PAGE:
Designing Buildings to Cope with Emergencies: Findings from Case Studies on Exit Preferences
- Controls building access;
- Prevents targeting occupants;
- Integrates visual and audio notifications;
- Enables efficient evacuation.
- Means of ingress;
- Means of egress.
2. Building Design for the Safety of Users during Emergencies
- People flow rate;
- Door dimensions;
- Visibility of the exits;
- Door condition (open or closed);
- Building geometry;
- Obstacles on the way to exits (furniture, columns, etc.);
- Circulation routes;
- Familiarity with the exit door;
- Distance to the exit;
- Visibility of the exit door;
- Movement of other people;
- Orientation of the fire marshals;
- Obstacles on the exit route;
- Queuing in front of the doors.
3.1. Research Approach
- Review requirements and procedures for crowd safety during emergencies, and current relevant building design information, guidelines and standards;
- Review people flow simulation tools and techniques to establish their suitability for use within the context of crowd modelling for emergency events;
- Customise a suitable evacuation modelling software and conduct scenario-based case studies;
- Define guidelines that specify improved designs that ensure better safety of users during emergency events within large public spaces.
3.2. The Case Studies
3.2.1. Observation Case Studies (OCS)
- Identify exit preferences during evacuations;
- Observe behavior during emergency events (in this case, a fire alarm);
- Identify the factors affecting the exit choice;
- Observe the evacuation time and factors that affects the evacuation time.
- Location of people in the building;
- Exit choices;
- Reasons for preferences;
- Visibility and clarity of signs;
- Orientation of people by the fire marshals.
3.2.2. Simulation Case Studies (SCS)
- Identify and validate the critical building design parameters that are important during emergency evacuations;
- Identify the changes required to building design guidelines and standards to improve the safety of users in emergencies;
- Identify the effect of exit choice on evacuation time.
- Scenario 1: The main door was closed but all other alternative exits were open
- Scenario 2: All the doors were active and open;
- Scenario 3: All alternative doors were closed and only the main door was open.
4. Analysis of the Results
- Analysis of the OCS questionnaires;
- Logistic Regression Analysis of the data from OCS;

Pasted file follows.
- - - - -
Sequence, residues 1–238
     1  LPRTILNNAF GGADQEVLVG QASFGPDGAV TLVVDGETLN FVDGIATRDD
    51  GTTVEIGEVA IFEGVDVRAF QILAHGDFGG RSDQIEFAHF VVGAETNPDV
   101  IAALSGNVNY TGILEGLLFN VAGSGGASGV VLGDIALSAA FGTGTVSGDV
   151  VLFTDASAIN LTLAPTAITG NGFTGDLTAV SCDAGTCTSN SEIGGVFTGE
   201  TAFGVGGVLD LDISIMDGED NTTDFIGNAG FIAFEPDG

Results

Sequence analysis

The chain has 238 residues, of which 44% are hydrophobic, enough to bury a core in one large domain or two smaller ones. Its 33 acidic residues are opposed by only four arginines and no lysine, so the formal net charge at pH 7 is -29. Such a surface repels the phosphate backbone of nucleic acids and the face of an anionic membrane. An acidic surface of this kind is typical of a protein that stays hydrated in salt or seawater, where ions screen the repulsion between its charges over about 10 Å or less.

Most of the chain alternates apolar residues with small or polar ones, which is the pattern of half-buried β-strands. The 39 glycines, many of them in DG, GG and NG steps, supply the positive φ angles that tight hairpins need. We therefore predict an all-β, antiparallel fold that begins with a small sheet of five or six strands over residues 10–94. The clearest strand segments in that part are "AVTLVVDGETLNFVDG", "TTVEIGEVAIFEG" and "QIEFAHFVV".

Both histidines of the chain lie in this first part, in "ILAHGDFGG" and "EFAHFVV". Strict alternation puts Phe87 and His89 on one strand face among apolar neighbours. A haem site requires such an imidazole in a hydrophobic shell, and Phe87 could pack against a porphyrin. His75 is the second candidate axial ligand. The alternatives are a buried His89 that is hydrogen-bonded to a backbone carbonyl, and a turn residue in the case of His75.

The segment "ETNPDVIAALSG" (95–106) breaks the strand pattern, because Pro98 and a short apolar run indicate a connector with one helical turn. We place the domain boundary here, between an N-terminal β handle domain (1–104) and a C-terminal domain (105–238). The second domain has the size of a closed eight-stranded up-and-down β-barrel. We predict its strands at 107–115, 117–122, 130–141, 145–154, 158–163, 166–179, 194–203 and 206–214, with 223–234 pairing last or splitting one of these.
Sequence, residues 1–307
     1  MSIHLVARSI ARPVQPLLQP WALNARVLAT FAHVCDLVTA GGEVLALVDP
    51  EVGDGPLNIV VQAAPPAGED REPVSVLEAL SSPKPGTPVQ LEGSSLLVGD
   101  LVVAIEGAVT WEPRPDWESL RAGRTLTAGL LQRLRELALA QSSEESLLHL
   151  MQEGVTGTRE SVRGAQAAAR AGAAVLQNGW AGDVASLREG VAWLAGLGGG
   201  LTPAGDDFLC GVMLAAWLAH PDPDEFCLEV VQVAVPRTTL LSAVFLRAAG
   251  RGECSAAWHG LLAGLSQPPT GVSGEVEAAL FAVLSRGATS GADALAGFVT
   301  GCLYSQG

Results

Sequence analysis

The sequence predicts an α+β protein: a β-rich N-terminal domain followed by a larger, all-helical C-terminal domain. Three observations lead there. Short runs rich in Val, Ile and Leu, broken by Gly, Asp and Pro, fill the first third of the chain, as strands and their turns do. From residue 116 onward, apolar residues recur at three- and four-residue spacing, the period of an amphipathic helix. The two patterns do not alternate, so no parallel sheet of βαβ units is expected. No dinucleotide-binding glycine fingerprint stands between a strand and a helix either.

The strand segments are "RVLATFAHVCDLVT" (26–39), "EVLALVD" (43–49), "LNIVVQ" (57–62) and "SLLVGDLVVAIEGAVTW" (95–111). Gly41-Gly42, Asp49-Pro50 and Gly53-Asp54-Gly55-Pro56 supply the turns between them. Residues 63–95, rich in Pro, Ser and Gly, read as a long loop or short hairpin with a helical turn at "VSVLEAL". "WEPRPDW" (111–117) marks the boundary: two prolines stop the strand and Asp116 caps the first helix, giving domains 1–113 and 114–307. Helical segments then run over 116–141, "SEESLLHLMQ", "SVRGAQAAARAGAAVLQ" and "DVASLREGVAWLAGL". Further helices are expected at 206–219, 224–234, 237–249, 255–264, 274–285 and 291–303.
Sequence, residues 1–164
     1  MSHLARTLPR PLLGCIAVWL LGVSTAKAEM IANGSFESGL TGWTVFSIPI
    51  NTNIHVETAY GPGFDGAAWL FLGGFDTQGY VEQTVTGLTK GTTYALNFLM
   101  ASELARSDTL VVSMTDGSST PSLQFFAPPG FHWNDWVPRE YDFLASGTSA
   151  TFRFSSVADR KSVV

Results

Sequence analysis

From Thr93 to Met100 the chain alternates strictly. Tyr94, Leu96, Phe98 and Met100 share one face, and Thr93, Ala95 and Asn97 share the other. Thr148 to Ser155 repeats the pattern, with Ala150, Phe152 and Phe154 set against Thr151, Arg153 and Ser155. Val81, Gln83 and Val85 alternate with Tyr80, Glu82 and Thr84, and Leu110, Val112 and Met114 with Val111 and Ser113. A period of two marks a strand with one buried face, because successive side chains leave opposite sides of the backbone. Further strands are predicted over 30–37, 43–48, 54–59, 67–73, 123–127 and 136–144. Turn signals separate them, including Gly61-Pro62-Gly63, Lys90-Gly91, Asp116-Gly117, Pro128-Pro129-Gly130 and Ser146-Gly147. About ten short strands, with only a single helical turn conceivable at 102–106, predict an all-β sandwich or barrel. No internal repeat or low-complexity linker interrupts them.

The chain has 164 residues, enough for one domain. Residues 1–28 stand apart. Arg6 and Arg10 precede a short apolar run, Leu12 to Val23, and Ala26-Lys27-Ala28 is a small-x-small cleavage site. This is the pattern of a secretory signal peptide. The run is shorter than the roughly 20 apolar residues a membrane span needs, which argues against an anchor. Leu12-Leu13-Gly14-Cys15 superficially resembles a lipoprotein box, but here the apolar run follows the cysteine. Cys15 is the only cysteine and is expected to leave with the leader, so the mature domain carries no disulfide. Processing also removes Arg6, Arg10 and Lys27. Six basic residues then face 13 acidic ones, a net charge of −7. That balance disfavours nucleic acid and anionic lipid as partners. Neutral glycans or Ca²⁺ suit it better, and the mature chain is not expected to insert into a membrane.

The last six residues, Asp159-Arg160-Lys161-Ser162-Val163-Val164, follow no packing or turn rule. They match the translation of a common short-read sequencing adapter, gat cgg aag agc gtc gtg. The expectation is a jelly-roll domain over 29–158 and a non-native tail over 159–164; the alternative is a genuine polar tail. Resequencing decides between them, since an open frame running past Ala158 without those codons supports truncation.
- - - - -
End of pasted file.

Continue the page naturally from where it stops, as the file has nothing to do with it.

- Findings from Simulation Case Studies.
4.1. Analysis of the Questionnaires
4.1.1. Familiarity with the Emergency Exits
4.1.2. Awareness of the Emergency Signs
4.1.3. Orientation by the Fire Marshals
4.1.4. Exits that Were Used to Evacuate the Building
4.1.5. Use of Unfamiliar Exits
4.1.6. Reasons for Exit Preferences
4.1.7. Bottleneck Problems
4.2. Logistic Regression Analysis
|Familiarity with the exits ( F). 1 = familiar; 0 = unfamiliar||Distance ratios ( R) dU/dF||CASE STUDY I Research Hub||CASE STUDY II BH Leeds||CASE STUDY III BH Glasgow||Average|
|Source||OCS I||OCS II||OCS III|
|Source||OCS I||OCS II||OCS III|
4.3. Findings from the Simulation Case Studies
- The response time after the emergency alarm was identified as 30–90 s;
- Fast walk speed was identified as 1.2 m/c;
- Stair down speed was identified as 0.8 m/s.
|Buildings||Scenario 1 (Main door blocked, all occupants use the alternative nearest exit)||Scenario 2 (All exits are open and there is an equally balanced use of exits)||Scenario 3 (All occupants use only the main door)||Increase (Scenario 2 to Scenario 3)|
|Building I||109 s||107 s||128 s||21%|
|Building II||110 s||109 s||128 s||20%|
|Building III||195 s||192 s||232 s||21%|
4.4. Evaluation of the Results
- There is not an equally balanced use of exit doors during emergency evacuations;
- The two factors that are most important in exit preference are “distance” and “familiarity” with the exits;
- The likelihood of use of familiar exits decreases as the ratio of distance to unfamiliar exit to familiar exit increase, in other words, people are more likely to use the unfamiliar exit if they are standing close to it;
- If one is standing equidistant to familiar and unfamiliar exit, it is more likely for him/her to choose the familiar door.
- The evacuation time in case of imbalanced use of exits is hugely different from the case of equally balanced use of exits, which was assumed in the current building guidance;
- The average increase in evacuation time for imbalanced use of exits compared to the equally balanced use of exits was found to be 20%.
5. Conclusions and Further Research
- Factors other than “distance” and “familiarity with the exits” (such as emergency signs, visibility, following other people), were not found to be significant in the statistical analysis;
- There is not an equally balanced use of exits during the evacuation process;
- The imbalanced use of exits increases the evacuation time;
- There is a need to revise the current building design guidance to encourage designers to use dynamic information based on user behavior in emergency situations.
Conflict of Interest
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Sagun, A.; Anumba, C.J.; Bouchlaghem, D. Designing Buildings to Cope with Emergencies: Findings from Case Studies on Exit Preferences. Buildings 2013, 3, 442-461. https://doi.org/10.3390/buildings3020442
Sagun A, Anumba CJ, Bouchlaghem D. Designing Buildings to Cope with Emergencies: Findings from Case Studies on Exit Preferences. Buildings. 2013; 3(2):442-461. https://doi.org/10.3390/buildings3020442Chicago/Turabian Style
Sagun, Aysu, Chimay J. Anumba, and Dino Bouchlaghem. 2013. "Designing Buildings to Cope with Emergencies: Findings from Case Studies on Exit Preferences" Buildings 3, no. 2: 442-461. https://doi.org/10.3390/buildings3020442